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Oh Deer! How to Keep Your Plants Safe This Fall and Winter

(Re posted with permission from The Observer Publishing Company)

Even if you happen to have an affinity for the odd garden gnome or lawn ornament, you’re likely not too keen on living, breathing visitors in your precious garden — particularly those of the four-leg variety. And if you’ve worked all summer long for a garden that’s as beautiful as it is fruitful, you’re going to want to make sure you keep deer — and other wild animals — firmly outside your garden gate (if you have one, that is). The days are growing shorter, but don’t let the sun set on your fruits and vegetables; it’s simple to keep them safe during the autumn and winter months.

The danger

Whether you see them lurking around your prized squash, predators are out there, and they’re ready to enjoy a harvest meal courtesy of your labors.

“Through the growing season, deer and other animals are especially damaging to fruit and vegetable gardens,” said Russ Bedner, owner of Bedner’s Farm & Greenhouse in McDonald. “We have lost almost entire fields of a crop from deer and groundhogs. One fall, they wiped out almost all of our pumpkins.”

And it’s not just your potential jack-o’-lanterns at risk. According to Bedner, autumn is mating season for deer, and the animals rub the bark from trees and break limbs to mark their territory. In the winter, it’s another story.

“Deer seek out soft needled evergreens, rhododendrons, azaleas, hydrangeas, liriope and other species,” he said. “The cooler and more snow we have, the more damage they’ll do to landscape plants.”

The solution

If constructing a deer-proof, groundhog-proof wall is out of the question (hint: it probably is), there are a few things you can do to deter nature’s most motivated vandals from your garden and landscape.

“Repellex and Liquid Fence are both great,” Bedner recommended. “I personally use Liquid Fence in my own landscape and only apply it about twice – even though the directions recommend more frequent applications. For large vegetable gardens, you can get an electric fence at Tractor Supply.”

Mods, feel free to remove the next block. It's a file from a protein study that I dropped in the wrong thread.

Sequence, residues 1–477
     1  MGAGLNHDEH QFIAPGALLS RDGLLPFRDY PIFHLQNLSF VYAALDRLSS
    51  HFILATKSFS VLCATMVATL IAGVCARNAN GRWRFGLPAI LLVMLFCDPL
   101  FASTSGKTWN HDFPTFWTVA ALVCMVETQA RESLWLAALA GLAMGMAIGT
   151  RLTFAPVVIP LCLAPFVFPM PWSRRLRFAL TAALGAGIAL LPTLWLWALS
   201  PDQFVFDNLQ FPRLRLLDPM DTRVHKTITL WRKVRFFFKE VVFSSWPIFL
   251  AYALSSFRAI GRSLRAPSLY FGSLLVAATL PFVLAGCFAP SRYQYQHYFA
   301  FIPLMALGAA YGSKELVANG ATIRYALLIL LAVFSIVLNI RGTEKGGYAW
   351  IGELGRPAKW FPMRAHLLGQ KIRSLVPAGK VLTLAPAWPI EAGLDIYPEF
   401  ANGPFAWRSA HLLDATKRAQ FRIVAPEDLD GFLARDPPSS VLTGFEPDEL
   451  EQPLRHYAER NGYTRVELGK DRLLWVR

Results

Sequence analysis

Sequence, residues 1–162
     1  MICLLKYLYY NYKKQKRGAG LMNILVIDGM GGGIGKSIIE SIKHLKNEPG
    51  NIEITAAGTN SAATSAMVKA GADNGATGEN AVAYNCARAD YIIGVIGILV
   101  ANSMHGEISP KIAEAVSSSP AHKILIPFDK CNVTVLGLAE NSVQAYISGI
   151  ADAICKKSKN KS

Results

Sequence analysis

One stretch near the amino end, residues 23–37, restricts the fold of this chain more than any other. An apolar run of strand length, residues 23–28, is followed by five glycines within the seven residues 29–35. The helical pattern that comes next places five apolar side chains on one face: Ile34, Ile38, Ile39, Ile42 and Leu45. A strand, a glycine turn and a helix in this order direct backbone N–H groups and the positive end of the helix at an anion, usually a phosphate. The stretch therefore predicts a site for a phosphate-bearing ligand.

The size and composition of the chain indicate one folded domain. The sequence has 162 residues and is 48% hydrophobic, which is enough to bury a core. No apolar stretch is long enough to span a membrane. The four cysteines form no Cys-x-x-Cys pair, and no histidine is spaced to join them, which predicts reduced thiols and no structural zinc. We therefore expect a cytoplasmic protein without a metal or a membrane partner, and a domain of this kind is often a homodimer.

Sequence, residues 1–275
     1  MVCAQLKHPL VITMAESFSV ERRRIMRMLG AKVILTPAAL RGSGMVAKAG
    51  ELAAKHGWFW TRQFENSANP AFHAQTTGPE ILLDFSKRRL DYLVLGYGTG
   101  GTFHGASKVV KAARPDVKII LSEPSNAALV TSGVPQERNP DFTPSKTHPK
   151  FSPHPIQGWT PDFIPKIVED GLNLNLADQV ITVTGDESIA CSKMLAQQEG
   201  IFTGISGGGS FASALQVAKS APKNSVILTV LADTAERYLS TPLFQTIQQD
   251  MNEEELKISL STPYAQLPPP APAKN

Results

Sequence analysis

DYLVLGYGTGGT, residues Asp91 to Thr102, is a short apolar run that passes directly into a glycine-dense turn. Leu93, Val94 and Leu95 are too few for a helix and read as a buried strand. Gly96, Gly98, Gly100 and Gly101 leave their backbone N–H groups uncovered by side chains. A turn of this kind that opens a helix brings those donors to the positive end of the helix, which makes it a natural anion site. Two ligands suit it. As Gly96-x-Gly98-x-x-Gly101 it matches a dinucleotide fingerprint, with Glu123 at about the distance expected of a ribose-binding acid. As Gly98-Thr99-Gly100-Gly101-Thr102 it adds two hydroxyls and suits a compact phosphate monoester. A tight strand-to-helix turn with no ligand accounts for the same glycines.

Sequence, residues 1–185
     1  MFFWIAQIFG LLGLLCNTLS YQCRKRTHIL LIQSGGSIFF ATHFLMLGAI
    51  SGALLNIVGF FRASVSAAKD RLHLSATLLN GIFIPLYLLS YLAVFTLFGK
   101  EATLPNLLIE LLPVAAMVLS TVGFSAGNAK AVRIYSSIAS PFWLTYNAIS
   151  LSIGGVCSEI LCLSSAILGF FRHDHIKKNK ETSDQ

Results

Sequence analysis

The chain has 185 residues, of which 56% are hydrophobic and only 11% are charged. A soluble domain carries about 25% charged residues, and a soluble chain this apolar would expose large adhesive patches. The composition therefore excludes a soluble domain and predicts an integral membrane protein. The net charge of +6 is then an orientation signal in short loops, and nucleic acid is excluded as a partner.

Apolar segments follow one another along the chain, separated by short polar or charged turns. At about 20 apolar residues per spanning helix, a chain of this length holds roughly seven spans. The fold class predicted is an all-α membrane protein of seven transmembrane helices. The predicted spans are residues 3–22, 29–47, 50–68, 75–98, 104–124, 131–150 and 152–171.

Word to the wise

While the location and layout of your garden or landscaping might be set for this season, you might take your neighborhood deer into consideration when it’s time to plant again. As Bedner said, deer love soft, smooth, foliage, like hostas and hydrangeas. If you love using these in your landscaping, keep them closer to the house not out in the yard where deer will feel unthreatened making themselves at home.

“Deer tend to stay away from plants that have a rough texture or soft scent,” Bedner also advised. Strong-scented perennials or prickly, thorny foliage growing close to your garden might dissuade the creatures from invading your space.

A journalism graduate from Brigham Young University, Kristen Price has experience writing in a variety of fields, including art and culture, health and fitness and financial and real estate services. Kristen has written for USA Today, SFGate and the Knot.

Fall Fest Article

(The following article is posted with permission from writer Kaisha Jantsch)

Local Farm and Greenhouse Celebrates Autumn with Annual Fall Fest

By Kaisha Jantsch

In an effort to delay seasonal layoffs while providing the public with the opportunity to engage in seasonal sensations, Bedner Farm and Greenhouse has brought back its annual Fall Fest.